Originally Published Online

Understanding PD
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Living Well With PD
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Clinical Trials
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One in a hundred North Americans over the age of 60 will develop Parkinson’s Disease. Estimates are that over one million people in North America alone are affected by Parkinson’s but this number is likely much higher, due to misdiagnosis and underreporting. Needless to say, those diagnosed are not the only ones affected. Instead whole family units struggle with this challenge, particularly the most vulnerable, our children.

Some of the changes associated with Parkinson’s disease can alter both appearance and ability. This can be a monumentally difficult adjustment for both the person afflicted and for their loved ones. Tasks and movements accomplished easily at one time become increasingly challenging as this neurological disease progresses.

There
may be a level of fear associated with the changes that they see in their parents or grandparents - particularly if not acknowledged or left unexplained and that is why when the timing is right, it is important to have a conversation about Parkinson’s disease.

Of course, every family is different. The age of your children and their level of understanding will guide you in terms of when, how much and what to disclose. There are some other general guidelines to consider when having this conversation.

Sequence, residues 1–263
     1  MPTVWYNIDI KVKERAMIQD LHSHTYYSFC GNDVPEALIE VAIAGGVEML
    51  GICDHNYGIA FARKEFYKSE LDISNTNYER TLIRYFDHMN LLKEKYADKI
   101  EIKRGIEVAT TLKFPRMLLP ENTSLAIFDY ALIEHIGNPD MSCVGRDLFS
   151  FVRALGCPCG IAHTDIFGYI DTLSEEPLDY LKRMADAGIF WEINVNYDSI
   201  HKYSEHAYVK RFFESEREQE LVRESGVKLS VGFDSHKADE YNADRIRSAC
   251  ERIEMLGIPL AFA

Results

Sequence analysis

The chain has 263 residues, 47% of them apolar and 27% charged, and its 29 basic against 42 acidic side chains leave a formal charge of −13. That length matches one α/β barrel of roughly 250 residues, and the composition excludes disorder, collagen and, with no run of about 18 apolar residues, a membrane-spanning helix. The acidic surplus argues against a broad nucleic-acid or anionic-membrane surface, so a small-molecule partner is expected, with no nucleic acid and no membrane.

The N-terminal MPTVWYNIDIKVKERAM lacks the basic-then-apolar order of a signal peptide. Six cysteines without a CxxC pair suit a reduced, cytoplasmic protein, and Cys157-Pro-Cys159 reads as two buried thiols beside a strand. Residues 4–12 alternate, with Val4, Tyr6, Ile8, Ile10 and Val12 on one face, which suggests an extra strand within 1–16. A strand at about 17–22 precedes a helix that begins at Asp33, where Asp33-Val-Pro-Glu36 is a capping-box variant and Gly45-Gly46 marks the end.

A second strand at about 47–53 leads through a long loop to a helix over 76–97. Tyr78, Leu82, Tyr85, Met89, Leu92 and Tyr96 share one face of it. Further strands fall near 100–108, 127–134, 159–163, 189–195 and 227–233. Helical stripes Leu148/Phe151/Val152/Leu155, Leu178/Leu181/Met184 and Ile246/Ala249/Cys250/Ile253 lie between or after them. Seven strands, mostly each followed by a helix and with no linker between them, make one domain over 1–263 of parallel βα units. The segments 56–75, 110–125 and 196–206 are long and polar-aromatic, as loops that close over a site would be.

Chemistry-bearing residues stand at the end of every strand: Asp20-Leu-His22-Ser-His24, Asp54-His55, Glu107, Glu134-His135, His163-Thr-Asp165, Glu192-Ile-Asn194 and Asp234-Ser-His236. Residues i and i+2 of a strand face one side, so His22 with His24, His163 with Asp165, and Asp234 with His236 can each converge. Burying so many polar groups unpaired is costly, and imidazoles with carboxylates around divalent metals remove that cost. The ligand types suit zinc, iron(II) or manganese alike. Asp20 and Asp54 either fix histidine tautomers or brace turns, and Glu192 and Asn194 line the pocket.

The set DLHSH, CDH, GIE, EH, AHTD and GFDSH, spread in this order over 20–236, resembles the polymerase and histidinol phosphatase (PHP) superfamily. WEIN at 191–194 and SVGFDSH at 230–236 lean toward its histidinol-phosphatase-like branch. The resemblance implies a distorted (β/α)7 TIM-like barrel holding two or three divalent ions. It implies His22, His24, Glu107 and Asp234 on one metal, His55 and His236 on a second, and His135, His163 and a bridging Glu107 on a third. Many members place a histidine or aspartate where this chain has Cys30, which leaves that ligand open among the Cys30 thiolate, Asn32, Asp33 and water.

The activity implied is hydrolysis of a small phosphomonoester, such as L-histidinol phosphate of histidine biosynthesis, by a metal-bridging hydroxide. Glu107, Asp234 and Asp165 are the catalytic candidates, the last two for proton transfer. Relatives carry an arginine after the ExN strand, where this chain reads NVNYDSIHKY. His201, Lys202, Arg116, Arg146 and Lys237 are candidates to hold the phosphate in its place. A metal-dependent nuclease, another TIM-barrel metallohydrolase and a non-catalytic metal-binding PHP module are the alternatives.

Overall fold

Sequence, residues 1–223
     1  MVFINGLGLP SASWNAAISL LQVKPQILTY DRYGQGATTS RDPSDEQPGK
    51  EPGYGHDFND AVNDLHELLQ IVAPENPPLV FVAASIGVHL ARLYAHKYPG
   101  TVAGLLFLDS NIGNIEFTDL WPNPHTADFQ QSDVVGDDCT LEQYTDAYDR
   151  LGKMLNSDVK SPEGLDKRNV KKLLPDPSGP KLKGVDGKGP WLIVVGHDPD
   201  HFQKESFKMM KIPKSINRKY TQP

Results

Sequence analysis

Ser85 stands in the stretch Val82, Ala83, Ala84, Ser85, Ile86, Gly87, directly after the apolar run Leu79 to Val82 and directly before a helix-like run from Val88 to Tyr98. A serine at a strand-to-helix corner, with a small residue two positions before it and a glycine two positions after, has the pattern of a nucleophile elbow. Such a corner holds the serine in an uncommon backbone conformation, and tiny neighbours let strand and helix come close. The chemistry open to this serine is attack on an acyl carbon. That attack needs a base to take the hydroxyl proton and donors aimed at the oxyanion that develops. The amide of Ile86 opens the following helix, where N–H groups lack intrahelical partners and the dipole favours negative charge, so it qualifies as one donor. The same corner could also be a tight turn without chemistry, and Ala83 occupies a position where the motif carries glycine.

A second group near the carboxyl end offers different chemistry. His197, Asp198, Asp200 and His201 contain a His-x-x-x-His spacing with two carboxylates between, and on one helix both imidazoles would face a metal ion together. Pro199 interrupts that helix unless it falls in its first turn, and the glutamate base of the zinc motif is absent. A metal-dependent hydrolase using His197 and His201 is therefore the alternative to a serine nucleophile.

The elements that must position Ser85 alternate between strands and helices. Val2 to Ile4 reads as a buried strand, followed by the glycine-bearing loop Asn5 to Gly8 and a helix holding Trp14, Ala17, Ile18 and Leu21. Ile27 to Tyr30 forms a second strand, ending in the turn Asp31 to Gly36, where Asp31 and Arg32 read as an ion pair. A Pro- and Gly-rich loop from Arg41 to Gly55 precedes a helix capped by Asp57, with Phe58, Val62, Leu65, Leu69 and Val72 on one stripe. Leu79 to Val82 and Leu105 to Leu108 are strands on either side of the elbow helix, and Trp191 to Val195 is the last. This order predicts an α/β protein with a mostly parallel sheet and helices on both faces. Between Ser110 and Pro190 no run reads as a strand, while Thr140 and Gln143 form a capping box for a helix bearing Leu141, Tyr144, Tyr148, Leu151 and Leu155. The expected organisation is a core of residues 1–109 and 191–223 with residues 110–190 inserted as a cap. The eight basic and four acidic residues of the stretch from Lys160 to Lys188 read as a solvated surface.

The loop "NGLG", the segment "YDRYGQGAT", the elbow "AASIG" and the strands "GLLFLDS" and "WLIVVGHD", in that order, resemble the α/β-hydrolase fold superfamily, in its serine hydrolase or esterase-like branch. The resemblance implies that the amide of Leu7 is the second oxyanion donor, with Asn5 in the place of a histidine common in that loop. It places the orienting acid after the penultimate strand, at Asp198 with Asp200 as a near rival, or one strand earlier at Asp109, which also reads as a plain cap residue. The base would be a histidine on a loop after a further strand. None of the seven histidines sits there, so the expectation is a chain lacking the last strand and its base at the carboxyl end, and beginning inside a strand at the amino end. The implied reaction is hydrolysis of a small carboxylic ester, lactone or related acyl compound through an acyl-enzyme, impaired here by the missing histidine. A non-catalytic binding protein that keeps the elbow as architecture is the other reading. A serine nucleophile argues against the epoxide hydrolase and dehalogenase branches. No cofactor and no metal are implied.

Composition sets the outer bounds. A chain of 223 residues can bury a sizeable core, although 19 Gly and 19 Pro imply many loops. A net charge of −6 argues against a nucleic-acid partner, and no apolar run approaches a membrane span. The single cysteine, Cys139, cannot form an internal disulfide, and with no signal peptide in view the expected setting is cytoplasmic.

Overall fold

1) Be honest in your disclosure because children are extremely intuitive. They often sense there is something wrong and the stories they make up in their head are probably much worse than what the reality is. It makes a child much more uncomfortable if they feel a parent or other loved one is hiding something from them.

2) Use words that are directed towards their education level. Try to limit the complexity of your explanations but do try and educate them about some of the more common technical terms. Take into consideration their age and maturity level when deciding what information to share with them.

3) Always express hope. Children are remarkably resilient and their perspective is usually far more optimistic than our own. Honor that optimism. We could learn from them because truthfully, every situation does have a positive perspective. Make that your main focus even if you sometimes don’t feel that way. I’m not advocating dishonesty but children rely on reassurances by trusted adults and their reactions will often mirror the family’s attitude.

4) Keep the lines of communication open. This disease and its manifestations will change as time progresses. A child’s understanding and insight will also change with age. New questions or worries may arise and therefore it is imperative that a child feel comfortable in continuing the conversation whenever they are concerned.


5) Empower them. Having a loved one with a chronic illness is a lot for a child to handle and sometimes they can start to feel helpless especially when like this, it’s something that’s not within their control. But by giving them concrete ways to help out, be it with daily tasks such as housework or more proactive activities such as fundraising, they feel more empowered.

6) Access helpful resources. Explore the marketplace for appropriate books on Parkinson’s Disease that are geared towards your child’s age group. And if you find that the child is having a hard time coping with the diagnosis, then seeking counseling is always a good option.